Dating from 1907, it is the work of the early 20th century American architect Ralph Adams Cram, noted for his hundreds of Gothic Revival churches, public buildings, schools and private residences. It is a very successful building in the style of a village parish church, with west tower, aisle on the north side only, separate chancel, etc. The churchyard is completely enclosed, but there is a strong feeling of openness and welcome.
St Philip's is Durham's downtown parish, drawing its very diverse congregation from the whole city. It is aggressively gender-neutral, color-blind, and LGBT friendly. Quoting from their website: "We are a diverse family ... but each of us has unique gifts and roles to play in healing a hurting world." There are a number of social activities, including a Wednesday community dinner, a seniors lunch, and a men's group called Beer and Bull, (again quoting from their website) "where men talk about faith, politics, sports, and just about anything else." Other groups and community outreaches are well described on their website. There are three Sunday eucharists said, sung, and with choir and a weekday eucharist on Wednesdays, with a healing service on the first Wednesday of each month. Although not listed on their website, they have recently added a Sunday evening said eucharist, which is what I attended.
Durham was originally a thriving agricultural center thanks primarily to tobacco. But tobacco is long gone from the region's economy, and today Durham is known for culture and sports. It is the home of Duke University, a private school that enjoys a reputation as an academic and research powerhouse. The university and Duke Medical Center are the area's major employers. Politically, Durham is a staunchly Democratic enclave in a solidly Republican state. During the 1950s, Durham figured prominently in the civil rights movement, and is widely regarded to be the site of the first sit-in ever to be organized. The church's location adjoining Urban Ministries of Durham is one of its blessings.
The Revd M. Jonah Kendall, rector, was the celebrant.
What was the name of the service?Holy Eucharist.
How full was the building?
We were 15 people in a side chapel.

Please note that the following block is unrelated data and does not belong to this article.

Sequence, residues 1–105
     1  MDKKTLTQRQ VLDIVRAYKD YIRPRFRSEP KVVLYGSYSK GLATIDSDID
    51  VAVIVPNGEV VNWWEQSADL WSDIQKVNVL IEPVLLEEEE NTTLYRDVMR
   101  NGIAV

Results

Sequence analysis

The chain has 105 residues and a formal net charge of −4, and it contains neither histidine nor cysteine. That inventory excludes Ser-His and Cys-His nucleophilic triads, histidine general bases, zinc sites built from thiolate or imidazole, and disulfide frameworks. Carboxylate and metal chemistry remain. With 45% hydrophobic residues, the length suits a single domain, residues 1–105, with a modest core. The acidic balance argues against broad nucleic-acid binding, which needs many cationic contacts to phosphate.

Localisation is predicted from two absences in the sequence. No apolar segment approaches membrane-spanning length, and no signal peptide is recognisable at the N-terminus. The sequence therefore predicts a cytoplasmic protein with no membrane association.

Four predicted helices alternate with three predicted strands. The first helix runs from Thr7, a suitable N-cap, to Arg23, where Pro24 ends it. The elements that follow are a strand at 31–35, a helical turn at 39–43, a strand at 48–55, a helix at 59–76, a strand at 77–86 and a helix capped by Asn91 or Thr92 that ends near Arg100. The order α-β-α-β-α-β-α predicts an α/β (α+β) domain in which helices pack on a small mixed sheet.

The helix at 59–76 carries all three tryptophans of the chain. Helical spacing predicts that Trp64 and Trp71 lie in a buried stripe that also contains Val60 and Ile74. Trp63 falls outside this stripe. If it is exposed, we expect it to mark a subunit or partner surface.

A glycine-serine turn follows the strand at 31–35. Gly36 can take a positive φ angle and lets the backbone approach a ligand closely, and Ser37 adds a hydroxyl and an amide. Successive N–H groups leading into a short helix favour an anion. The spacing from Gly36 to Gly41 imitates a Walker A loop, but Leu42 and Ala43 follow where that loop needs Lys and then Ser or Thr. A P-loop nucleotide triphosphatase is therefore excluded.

Did anyone welcome you personally?
The verger, Mick Capon, served as a very effective greeter, distributing the leaflet for the simple service.
Was your pew comfortable?
Oak pew. Very comfortable for the 26 minutes the service lasted.
How would you describe the pre-service atmosphere?
Quiet and reverential, punctuated by the joyful chatter of a toddler.
What were the exact opening words of the service?
"Blessed be God: Father, Son, and Holy Spirit."
What books did the congregation use during the service?
Four-page leaflet; 1979 Book of Common Prayer.
What musical instruments were played?
Did anything distract you?
When I arrived and saw no one else there, I wondered if I would be the only person in attendance!
Was the worship stiff-upper-lip, happy clappy, or what?
Careful Prayer Book service, appropriately abbreviated to the max.
Exactly how long was the sermon?
On a scale of 1-10, how good was the preacher?
10 – The rector's exposition was sound, but sometimes he seemed to be directing his voice at the empty air rather than to the 15 of us who were listening.
In a nutshell, what was the sermon about?
The rector took as his text the day's gospel lesson, the parable of the sower. This is a handy parable because Jesus presents it and then explains it. But anyone living in an agrarian society would immediately spot a serious fallacy: no self-respecting farmer would sow hard-won seed on the path or on rocky ground or in weeds. But God, ever generous, scatters his seed everywhere.
Which part of the service was like being in heaven?
The sermon was clever, passionate, uplifting!
And which part was like being in... er... the other place?
The way the preacher seemed to preach to the empty air.
What happened when you hung around after the service looking lost?
There was no reception.
How would you describe the after-service coffee?
How would you feel about making another visit (where 10 = ecstatic, 0 = terminal)?
10 – I have experienced the radical wonder here before. If I lived in Durham there would be no question – this would be my church.
Did the service make you feel glad to be a Christian?
Yes, and sent me out wanting to be a better Christian.
What one thing will you remember about all this in seven days' time ?
The strong sense of community among the 15 of us, even though three of us were visitors from out of town.